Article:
As doctors often tell their patients who are worrying about rare side-effects; think of yourself as part of the 99, not as the 1 in a hundred. If you are qualified and the quality of your applications is up to scratch then it is just a matter of time and sufficient applications before you get your role. From what I have seen, most people who want to work in the UN badly enough, end up getting a position there eventually.
Last but not least, a key factor in remaining motivated is to really solidify your resolve by understanding and clarifying why it is that you want to work in an international organisation in the first place. By actually thinking about it and maybe even jotting down your thoughts you may find that your reasons are relatively superficial or can be achieved outside such organisations and this may mean that your motivation wanes as a result, or you might have a reason that is very important to you personally, and with that reason you can remain focused on your goals no matter how long it may take to achieve.
Expectations Rarely Match Reality
Staying motivated isn’t just an issue before you get the job though. I have plenty of colleagues who lost motivation for building a UN career only after they got their first UN job. Think of it like this – have you ever planned for an incredible trip and subsequently were underwhelmed by the experience? How about a home cooked meal; has a well-meaning loved one ever made you a dinner which left you less than satisfied? Well unfortunately, in particular for those with overactive imaginations – and I speak from my personal experience – expectations rarely match reality. This is no less the case for a career in international organisations. This is why it is equally important to know how to stay motivated once you have the role.
Now, I am not necessarily suggesting that you will inevitably be disappointed or disillusioned with the reality of having your dream job – I am however noting that it is important to acknowledge that it will differ from what you might expect. Most of the people who apply for UN jobs for instance, tend to have an idealistic perception of the kind of work that they will be involved in and the impact they can have through that work. In order to not become jaded with your career choice it is therefore vital that you learn to accept reality for what it is; and perhaps more importantly, to remember why it is that you applied in the first place.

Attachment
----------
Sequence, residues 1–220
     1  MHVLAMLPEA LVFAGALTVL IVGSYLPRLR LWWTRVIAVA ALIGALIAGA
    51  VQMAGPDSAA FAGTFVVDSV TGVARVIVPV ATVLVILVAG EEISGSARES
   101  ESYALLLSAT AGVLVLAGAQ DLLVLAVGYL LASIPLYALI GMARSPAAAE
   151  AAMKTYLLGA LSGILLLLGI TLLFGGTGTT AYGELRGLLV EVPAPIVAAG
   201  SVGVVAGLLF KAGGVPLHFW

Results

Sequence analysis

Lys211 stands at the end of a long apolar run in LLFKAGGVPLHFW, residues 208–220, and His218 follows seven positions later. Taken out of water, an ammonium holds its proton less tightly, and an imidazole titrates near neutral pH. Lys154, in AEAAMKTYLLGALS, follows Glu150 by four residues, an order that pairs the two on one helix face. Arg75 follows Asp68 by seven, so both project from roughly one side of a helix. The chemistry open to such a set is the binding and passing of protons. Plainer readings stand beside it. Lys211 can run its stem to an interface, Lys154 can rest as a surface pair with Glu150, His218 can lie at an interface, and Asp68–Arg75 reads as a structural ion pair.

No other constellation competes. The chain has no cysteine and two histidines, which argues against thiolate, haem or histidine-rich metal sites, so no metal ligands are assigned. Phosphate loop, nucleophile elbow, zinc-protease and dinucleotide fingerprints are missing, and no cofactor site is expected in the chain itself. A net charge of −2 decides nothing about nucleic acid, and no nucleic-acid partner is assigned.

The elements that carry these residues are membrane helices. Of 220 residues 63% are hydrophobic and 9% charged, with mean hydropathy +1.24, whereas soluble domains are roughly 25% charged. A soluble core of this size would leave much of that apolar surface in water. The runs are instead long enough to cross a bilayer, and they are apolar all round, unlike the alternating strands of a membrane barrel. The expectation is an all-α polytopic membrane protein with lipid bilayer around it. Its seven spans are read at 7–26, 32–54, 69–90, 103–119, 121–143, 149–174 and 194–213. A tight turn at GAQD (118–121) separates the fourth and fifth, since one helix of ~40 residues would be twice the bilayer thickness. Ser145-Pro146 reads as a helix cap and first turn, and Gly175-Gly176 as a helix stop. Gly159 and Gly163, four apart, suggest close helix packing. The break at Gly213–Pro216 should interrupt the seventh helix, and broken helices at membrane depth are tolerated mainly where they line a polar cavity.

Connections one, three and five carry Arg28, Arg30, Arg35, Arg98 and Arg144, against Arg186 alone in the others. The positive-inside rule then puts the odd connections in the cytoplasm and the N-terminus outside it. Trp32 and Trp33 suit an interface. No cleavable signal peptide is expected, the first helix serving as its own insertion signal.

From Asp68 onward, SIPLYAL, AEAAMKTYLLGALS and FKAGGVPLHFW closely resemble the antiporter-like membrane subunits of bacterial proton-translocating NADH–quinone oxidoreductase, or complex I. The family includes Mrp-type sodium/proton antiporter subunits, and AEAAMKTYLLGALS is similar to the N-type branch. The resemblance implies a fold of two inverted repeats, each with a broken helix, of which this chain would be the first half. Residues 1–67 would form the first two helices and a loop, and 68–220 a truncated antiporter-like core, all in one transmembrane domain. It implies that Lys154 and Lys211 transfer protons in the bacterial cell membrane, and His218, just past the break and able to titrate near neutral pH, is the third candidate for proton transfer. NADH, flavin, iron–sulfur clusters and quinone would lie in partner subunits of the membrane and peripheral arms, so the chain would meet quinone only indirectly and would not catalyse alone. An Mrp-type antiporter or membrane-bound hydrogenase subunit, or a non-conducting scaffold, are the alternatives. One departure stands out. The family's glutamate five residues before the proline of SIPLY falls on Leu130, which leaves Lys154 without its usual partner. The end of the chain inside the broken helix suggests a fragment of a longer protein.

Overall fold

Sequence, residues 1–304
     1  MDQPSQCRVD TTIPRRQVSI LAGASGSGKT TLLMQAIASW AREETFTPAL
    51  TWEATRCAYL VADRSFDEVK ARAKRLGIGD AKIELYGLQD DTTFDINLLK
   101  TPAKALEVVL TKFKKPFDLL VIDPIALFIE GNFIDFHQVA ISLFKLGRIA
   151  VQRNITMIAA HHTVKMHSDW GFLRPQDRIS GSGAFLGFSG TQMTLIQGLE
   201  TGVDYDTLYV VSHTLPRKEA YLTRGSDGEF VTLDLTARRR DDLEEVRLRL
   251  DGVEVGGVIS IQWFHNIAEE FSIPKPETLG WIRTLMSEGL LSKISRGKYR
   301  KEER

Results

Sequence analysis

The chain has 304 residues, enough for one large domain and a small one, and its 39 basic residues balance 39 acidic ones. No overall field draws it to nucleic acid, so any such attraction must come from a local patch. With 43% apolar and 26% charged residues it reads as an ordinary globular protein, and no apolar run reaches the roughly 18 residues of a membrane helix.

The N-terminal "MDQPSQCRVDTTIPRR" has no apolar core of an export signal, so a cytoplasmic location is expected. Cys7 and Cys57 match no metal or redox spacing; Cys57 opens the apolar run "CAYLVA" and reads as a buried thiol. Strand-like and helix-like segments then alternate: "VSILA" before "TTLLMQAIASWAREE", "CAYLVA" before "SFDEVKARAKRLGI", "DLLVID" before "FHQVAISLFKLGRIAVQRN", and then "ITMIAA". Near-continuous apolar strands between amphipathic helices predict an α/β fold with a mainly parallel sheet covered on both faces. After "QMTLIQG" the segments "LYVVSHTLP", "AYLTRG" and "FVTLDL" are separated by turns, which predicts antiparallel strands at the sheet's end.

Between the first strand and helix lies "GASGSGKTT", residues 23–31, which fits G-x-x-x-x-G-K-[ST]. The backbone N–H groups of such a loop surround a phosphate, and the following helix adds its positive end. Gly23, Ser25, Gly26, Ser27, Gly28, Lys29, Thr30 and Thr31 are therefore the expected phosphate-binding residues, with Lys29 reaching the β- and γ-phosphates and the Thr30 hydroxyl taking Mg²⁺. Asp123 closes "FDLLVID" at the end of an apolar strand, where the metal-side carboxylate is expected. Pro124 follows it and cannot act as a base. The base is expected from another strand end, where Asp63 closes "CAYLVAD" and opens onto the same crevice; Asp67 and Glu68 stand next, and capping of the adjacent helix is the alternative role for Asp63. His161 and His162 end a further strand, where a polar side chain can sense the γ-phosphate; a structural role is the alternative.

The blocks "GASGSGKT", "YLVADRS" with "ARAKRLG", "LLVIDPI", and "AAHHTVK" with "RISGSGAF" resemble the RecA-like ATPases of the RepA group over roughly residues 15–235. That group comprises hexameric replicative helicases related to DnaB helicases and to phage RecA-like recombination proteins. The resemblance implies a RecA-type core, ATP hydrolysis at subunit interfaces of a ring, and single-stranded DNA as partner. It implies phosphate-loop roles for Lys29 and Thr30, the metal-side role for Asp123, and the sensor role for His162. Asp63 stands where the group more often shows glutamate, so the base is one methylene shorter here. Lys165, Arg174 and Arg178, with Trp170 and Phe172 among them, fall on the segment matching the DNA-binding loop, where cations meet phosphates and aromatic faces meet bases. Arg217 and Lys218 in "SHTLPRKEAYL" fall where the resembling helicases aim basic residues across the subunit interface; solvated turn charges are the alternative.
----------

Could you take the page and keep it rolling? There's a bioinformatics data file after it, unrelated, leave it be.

Don't Get Too Comfortable
Personally, the most important way in which I think you can remain motivated once you have made entry into the world of international organisations is by not becoming too comfortable. I have seen far too often that people once they have a relatively secure role, that they suddenly go into cruise control. They decide that they have achieved what it is that they wanted and that they should now just be comfortable and happy in their role.
I think this is profoundly the wrong mindset to be in; but that it is very easy to develop such a mindset – in particular if you really struggled to get the role in the first place. The UN in particular has amazing opportunities for career advancement and internal routes for progression but these are only usually for those who actively seek them out.
This is why I believe it is crucial to maintain a motivation for progress and not to just settle for what it is that you have achieved already. Don’t be afraid to step out of your comfort zone. The benefits of this are numerous but mainly because by continually striving for bigger and better things you are continually improving yourself (and who wouldn’t want that). Now of course it is important as they say to enjoy the journey as well and not just focus on the destination – but my advice remains don’t stop the journey!